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Medical Exhibition Centre

The Faculty of Medicine, University of Ruhuna has produced over 3000 doctors in its 30 years of existence. These doctors serve Sri Lanka as specialists, medical administrators and non-specialists in many parts of the country. It is also involved in providing tertiary healthcare facilities at the Teaching Hospital, Karapitiya and Teaching Hospital Mahamodara and in providing primary health care to the neighbouring community of Bope-Poddala. The Medical Exhibition Centre has paved the way to yet another service to the public of Sri Lanka but it is of a different dimension.

The beginning

The idea of setting up a Medical Exhibition Centre (MEC) was conceived soon after the Medical Exhibition that was held in January 2006. We had over 180,000 visitors including 70,000 school children for that exhibition. Such a public response emphasized the fact that the public and especially schoolchildren are yearning to learn about the human body in health and in disease. At that stage our Faculty was convinced that a MEC is a need for our society. In order to meet this need the Faculty has strived for the past four years to set up the MEC which was ceremonially opened by the Chairman of the University Grants Commission Professor Gamini Samaranayake on the 6th of May 2009.

How to get there

The MEC is a novel facility that is located within the premises of the Faculty of Medicine, University of Ruhuna. It is located just across the road from the Teaching Hospital, Karapitiya, Galle. It takes less than 10 minutes for the 6km drive from the town centre to reach the MEC. The MEC was developed during a period of three years involving careful planning and designing and through creative thinking and hard work. Human resources that were utilized in this project were mainly drawn from staff and students of the Faculty of Medicine, University of Ruhuna.

What does it offer?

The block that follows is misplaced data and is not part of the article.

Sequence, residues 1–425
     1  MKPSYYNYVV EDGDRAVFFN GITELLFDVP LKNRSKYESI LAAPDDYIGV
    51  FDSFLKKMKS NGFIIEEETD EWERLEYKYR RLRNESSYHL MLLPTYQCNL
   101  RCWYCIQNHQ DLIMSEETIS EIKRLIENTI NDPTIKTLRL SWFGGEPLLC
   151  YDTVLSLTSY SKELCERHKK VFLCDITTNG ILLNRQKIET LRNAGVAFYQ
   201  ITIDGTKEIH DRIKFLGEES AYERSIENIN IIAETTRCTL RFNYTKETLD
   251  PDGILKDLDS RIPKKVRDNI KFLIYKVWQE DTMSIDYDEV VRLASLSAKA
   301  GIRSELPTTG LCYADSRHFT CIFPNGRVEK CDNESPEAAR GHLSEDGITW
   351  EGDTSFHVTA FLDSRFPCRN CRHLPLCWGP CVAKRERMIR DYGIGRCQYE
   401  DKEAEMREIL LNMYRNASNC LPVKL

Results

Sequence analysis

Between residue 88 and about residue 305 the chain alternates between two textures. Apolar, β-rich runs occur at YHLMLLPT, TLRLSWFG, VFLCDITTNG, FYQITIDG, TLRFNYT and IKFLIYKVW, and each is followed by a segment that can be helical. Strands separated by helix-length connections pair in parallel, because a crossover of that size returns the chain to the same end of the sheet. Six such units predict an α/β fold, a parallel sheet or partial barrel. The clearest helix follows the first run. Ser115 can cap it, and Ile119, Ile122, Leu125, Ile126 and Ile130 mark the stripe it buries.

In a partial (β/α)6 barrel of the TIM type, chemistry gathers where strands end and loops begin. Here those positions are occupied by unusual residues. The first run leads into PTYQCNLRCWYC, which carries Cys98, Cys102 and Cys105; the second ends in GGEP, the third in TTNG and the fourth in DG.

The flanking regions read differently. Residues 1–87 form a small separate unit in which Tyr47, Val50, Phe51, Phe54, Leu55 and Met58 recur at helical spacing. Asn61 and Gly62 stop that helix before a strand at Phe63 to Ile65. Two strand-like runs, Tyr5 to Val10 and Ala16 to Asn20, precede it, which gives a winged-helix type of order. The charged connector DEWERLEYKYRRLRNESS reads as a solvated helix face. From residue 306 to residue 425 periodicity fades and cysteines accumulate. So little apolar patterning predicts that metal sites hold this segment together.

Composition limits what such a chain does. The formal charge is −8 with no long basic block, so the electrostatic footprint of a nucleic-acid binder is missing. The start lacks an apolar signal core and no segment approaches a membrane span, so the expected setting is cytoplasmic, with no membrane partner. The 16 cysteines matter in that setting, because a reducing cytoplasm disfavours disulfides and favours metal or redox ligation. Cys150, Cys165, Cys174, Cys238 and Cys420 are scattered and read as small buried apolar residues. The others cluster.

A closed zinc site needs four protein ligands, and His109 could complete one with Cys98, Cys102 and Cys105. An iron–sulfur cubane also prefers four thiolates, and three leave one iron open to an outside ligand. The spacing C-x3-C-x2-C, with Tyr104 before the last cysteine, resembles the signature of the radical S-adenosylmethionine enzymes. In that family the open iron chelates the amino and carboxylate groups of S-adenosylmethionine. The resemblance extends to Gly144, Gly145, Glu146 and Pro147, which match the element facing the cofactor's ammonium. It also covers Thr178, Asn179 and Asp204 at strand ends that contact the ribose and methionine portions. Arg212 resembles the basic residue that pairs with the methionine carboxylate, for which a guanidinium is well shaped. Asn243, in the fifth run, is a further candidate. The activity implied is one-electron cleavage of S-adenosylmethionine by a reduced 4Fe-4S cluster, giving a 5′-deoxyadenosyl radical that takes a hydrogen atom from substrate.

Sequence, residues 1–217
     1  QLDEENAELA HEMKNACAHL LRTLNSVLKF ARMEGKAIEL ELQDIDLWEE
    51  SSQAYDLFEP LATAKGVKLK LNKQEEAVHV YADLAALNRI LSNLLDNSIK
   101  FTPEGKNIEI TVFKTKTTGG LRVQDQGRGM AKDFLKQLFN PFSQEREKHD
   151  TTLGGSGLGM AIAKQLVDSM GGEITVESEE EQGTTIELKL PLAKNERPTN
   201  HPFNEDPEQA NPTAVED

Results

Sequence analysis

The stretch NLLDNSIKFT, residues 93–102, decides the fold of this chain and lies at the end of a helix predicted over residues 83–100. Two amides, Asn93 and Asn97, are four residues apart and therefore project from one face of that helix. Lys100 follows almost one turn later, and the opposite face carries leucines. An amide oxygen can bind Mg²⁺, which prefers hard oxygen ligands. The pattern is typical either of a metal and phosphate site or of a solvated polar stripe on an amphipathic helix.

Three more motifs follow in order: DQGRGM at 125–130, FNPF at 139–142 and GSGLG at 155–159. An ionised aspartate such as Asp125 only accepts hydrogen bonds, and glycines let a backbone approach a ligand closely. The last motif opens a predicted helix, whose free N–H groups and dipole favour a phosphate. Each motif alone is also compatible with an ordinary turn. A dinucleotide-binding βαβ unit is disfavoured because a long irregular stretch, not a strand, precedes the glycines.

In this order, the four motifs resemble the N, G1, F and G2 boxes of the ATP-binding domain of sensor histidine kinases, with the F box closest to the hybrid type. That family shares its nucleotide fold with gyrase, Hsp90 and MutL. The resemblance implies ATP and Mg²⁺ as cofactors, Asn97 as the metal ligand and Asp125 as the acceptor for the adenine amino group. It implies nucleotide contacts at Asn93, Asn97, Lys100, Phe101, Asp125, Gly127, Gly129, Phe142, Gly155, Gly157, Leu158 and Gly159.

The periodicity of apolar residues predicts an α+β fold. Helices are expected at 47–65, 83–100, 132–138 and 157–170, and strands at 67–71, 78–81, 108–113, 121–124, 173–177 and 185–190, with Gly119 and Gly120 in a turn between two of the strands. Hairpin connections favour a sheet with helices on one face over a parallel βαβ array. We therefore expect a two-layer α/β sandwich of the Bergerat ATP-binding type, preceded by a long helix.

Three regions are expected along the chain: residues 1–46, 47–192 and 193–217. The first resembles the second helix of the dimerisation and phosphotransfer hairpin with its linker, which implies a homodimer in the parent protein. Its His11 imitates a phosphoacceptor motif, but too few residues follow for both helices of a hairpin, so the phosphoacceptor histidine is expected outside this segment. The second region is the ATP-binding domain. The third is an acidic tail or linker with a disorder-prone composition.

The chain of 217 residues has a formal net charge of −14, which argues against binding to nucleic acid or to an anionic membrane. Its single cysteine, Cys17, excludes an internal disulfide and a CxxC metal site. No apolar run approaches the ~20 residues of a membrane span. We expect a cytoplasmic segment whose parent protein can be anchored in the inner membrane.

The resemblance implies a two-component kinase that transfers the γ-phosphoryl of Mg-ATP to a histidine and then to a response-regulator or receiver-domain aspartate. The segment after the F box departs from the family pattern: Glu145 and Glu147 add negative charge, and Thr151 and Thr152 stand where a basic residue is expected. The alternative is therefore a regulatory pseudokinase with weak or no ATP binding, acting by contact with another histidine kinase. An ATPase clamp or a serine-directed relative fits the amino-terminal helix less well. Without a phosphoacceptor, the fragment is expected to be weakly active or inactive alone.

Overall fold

The main aim of the MEC is to educate the public on health related matters. It is specially designed to cater to GCE O Level and A Level students in the field of Bioscience. The MEC has illustrations of normal human anatomy (structure) and physiology (function) that could be understood even by the lay public. All exhibits are labeled in English and Sinhala giving some detail to enable greater understanding and is expected to help students in preparation for their examinations. The gallery Exhibits on display include a) dissected bodies, body parts and organs from actual human beings, b) 3D models of cells, its components (organelles), organs of the body such as brain, heart, lungs, liver kidneys etc. and those of the skin and systems of the body such as nervous system, cardiovascular system, respiratory system, hepato-biliary, gastrointestinal and genitourinary systems and c) embossed models of organs and systems of the human body as mentioned above. Exhibits are laid out an area of 7000 square feet in a system based manner so that all exhibits that illustrate a particular system of the body will be clustered together to enable greater understanding. In this exhibition area pre-recorded informative health talks will be played through the public address system. Most of the dissected bodies, body parts and organs are derived from normal individuals. There structures have been meticulously dissected by well trained doctors. These body parts are well sealed inside Perspex jars so that they can seen be with clarity at close range in an odour free environment. Dissected human bodies, human body parts and organs are well preserved giving life like appearance of structures showing finer details like distribution of nerves, arteries and veins. Dissections are carried out on different parts and organs of the body to make them appear very explicit. Some exhibits can be viewed from all directions giving a complete three dimensional and a 360 degree view to facilitate better understanding. In some exhibits windows of tissue have been cut open to view deeper tissue simulating what a surgeon would see during operations. In similar manner body cavities such as the cranium, thorax and abdomen have been cut open in some exhibits to show what is inside those cavities in detail. What is inside vital organs such as the brain, heart, lung, liver and kidneys are shown in detail by careful dissection. These can be viewed in many planes or sections. Highlights of the dissected specimens include an entire body dissected in saggital section to show what is inside it from head down to the torso and another standing body showing its muscles from head to toe. Another highlight is a large 3D model of a human cell which is taller than 10 feet showing its organelles (its microscopy structure) in detail. This cell is so big that you can virtually walk into it. The biggest exhibit is a model of the respiratory system (lungs) done to scale reaching a height of more than 12 feet. The trend to illustrate organs and systems of the body by using 3D models and embossed models which are 'mega-structures' is a striking feature of the Medical Exhibition Centre. It has enabled us to illustrate anatomical details and can be seen with clarity even at a distance. These models have been prepared to measurements matching actual proportions and in true to life colour. Human body parts and organs that are on display are identified in Sinhala and in English in a digital photograph of the actual item placed next to it. Such an arrangement is expected to help school children to remember what they see with ease. Constructions of these models have been done by four young doctors who are very talented. They are graduates of the Faculty of Medicine, University of Ruhuna and there names are Janaka Rajapaksha, Lakmal de Silva, Umesh Tharanga de Silva and Yasiru Sampath Alawatta. Alongside exhibits we hope to set up questions regarding these items. These questions will be of relevance to GCE O level and A level Biology examinations papers and questions are also expected to arouse public interest in matters relating health and disease for all those who visit the MEC. It is bound to increase the knowledge about the structure of the human body and matters relating to health in visitors without a doubt. Over months and years to come these questions will be changed to retain the novelty thereby enhancing the resourcefulness of the Centre.